1. Newland, Jamesetta RN, PhD, FNP-BC, FAANP, FNAP

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Every year, we celebrate nursing and nurses during National Nurses Week (May 6-May 12). This year, we may have extra reason to celebrate due to the passage of the American Recovery and Reinvestment Act of 20091 and its' implications for nursing's future. This historic piece of legislation is not without controversy and challenges, but many nurses are hopeful that healthcare reform will not be too far behind some of the changes already being discussed.

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Support for nursing education

Through the stimulus bill, funds will be directed to expand the healthcare workforce over the next few years, including support for professional nursing education through Title VII health professions programs and Title VIII Nursing Workforce Development Programs, as well as the National Health Service Corps scholarship and loan repayment programs.


Experts continue to project that the nursing shortage is only going to worsen over the next several decades. The bill includes provisions that will help NP practices and nurse-managed health clinics continue to provide high quality, cost-effective primary care to the most vulnerable in our communities.2 Additional funds are designated to pay for medical care for the uninsured and underserved through state Medicaid programs, and funds to help with the acquisition of health information technology in practices that serve Medicaid patients. The technology will facilitate the development of electronic medical records and enhanced communication within and across systems.


Community outreach

The American Nurses Association has designated the theme for this year's National Nurses Week as "Nurses: Building a Healthy America." This is very appropriate in the present climate of change and emphasis on individual and collective responsibility for one's neighbor. One example of this spirit was reported in The Philadelphia Inquirer.3 The Camden [New Jersey] Coalition of Healthcare Providers piloted a unique program last year using a "medical home without walls" model to reduce the number of hospital ED visits, lower costs, and improve care by strengthening primary care. A number of "super users" of the ED, "the worst of the worst," or individuals who had "complicated problems and lack[ed] the emotional or financial wherewithal to fill prescriptions or make doctor appointments" were identified and followed by an NP, a social worker, and a community health worker. The team found these individuals in shelters, train stations, and other places; helped them obtain social services; assisted them in securing and taking prescribed medications; and helped them get to their healthcare appointments.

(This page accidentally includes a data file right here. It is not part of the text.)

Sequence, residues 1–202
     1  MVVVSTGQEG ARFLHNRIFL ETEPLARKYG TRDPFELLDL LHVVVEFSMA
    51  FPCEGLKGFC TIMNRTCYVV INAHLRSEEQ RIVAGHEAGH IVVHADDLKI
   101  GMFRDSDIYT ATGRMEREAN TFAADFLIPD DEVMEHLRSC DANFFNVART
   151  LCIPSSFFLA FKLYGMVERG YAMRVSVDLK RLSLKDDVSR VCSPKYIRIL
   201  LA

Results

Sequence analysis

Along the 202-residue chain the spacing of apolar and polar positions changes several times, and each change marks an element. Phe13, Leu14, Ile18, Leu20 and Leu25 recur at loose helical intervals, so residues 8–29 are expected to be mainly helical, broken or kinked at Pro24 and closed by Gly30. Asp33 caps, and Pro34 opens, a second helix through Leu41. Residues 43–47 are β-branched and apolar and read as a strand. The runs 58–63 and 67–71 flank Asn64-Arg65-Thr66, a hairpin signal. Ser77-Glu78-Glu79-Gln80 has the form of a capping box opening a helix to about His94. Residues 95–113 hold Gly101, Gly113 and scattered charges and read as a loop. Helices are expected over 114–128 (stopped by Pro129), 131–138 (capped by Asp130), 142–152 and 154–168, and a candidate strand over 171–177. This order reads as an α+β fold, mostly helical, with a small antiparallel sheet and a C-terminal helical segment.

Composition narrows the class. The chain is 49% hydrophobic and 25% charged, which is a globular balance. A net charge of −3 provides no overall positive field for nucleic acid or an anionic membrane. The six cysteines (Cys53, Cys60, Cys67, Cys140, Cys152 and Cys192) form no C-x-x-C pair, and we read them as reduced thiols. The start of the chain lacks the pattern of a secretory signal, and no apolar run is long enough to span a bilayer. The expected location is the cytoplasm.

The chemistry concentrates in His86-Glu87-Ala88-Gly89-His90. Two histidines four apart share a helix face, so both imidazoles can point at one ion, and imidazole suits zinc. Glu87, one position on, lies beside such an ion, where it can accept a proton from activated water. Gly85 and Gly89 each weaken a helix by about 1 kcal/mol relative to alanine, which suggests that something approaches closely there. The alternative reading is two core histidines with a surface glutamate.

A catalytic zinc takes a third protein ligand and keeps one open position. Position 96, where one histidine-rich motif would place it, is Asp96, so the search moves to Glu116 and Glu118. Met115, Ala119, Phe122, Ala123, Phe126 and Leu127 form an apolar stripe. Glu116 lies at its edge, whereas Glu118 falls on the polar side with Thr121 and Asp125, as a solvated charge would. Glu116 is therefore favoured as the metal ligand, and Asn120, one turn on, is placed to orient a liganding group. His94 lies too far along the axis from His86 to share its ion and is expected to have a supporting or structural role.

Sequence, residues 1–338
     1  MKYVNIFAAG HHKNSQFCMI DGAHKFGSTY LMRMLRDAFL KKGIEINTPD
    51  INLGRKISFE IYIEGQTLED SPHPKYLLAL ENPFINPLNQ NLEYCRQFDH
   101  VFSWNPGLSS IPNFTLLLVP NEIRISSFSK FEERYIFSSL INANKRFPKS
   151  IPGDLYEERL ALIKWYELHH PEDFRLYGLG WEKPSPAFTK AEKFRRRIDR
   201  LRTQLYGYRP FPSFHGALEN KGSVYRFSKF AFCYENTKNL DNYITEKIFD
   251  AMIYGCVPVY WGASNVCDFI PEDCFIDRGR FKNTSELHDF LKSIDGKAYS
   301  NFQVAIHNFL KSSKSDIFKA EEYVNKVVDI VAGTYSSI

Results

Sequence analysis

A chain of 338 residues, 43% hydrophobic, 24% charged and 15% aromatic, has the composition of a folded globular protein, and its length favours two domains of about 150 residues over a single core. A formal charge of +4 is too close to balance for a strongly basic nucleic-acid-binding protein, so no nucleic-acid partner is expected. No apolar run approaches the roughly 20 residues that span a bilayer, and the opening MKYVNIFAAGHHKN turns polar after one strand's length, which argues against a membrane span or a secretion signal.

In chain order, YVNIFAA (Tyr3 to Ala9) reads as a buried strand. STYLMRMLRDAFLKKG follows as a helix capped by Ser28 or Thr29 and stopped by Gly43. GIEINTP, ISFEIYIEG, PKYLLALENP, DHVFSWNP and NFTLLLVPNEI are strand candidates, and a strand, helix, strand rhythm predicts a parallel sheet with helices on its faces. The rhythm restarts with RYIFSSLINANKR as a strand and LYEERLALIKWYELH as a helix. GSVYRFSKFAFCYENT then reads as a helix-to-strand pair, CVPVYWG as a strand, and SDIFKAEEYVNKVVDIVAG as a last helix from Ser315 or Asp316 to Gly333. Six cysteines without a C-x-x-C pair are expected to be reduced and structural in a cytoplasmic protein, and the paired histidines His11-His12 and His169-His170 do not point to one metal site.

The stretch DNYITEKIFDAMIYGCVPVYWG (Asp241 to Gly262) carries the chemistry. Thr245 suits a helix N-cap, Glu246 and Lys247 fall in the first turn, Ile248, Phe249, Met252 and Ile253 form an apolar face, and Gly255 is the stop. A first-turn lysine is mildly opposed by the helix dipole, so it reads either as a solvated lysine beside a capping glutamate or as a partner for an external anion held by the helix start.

Patient education was also a big component of the intervention. Dr. Brenner, the brainchild of the project, believed that if given alternatives, people would stop going to the ED. As a result of the team's intervention, ED visits for 35 patients in the pilot program dropped from a monthly average of 61 to 37 with a parallel drop in hospital costs from $1.2 million to $531,000. The Coalition plans to publish data after the first year of intervention. Similar programs have been initiated across the country.


If given the resources to implement new models of care, NPs and other health professionals can find innovative and more effective ways to improve health outcomes for many of the nation's neediest populations while reducing cost inefficiencies in the current healthcare delivery system. NPs are positioned to be among the leaders who are working to "build a healthy America."


Jamesetta Newland, RN, PhD, FNP-BC, FAANP, FNAP

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1. The American Recovery and Reinvestment Act of 2009. Pub. L. 111-5. February 17, 2009. [Context Link]


2. National Organization of Nurse Practitioner Faculties. Stimulus package signed by President includes funding for nurse education and health IT assistance for nurse practitioners. [Press Release]. February 18, 2009. [Context Link]


3. Campbell CA. An ER alternative. The Philadelphia Inquirer [Kaiser Health News]. March 9, 2009. [Context Link]